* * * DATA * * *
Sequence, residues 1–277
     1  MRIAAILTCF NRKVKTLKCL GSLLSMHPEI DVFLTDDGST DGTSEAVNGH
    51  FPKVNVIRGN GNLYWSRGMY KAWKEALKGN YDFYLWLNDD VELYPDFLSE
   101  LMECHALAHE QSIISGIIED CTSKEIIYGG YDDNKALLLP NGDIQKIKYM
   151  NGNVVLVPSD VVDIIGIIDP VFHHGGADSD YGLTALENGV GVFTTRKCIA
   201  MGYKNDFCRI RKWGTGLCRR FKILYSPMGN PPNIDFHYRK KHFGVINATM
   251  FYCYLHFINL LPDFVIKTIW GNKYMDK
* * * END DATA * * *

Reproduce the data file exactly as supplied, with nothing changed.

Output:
Sequence, residues 1–277
     1  MRIAAILTCF NRKVKTLKCL GSLLSMHPEI DVFLTDDGST DGTSEAVNGH
    51  FPKVNVIRGN GNLYWSRGMY KAWKEALKGN YDFYLWLNDD VELYPDFLSE
   101  LMECHALAHE QSIISGIIED CTSKEIIYGG YDDNKALLLP NGDIQKIKYM
   151  NGNVVLVPSD VVDIIGIIDP VFHHGGADSD YGLTALENGV GVFTTRKCIA
   201  MGYKNDFCRI RKWGTGLCRR FKILYSPMGN PPNIDFHYRK KHFGVINATM
   251  FYCYLHFINL LPDFVIKTIW GNKYMDK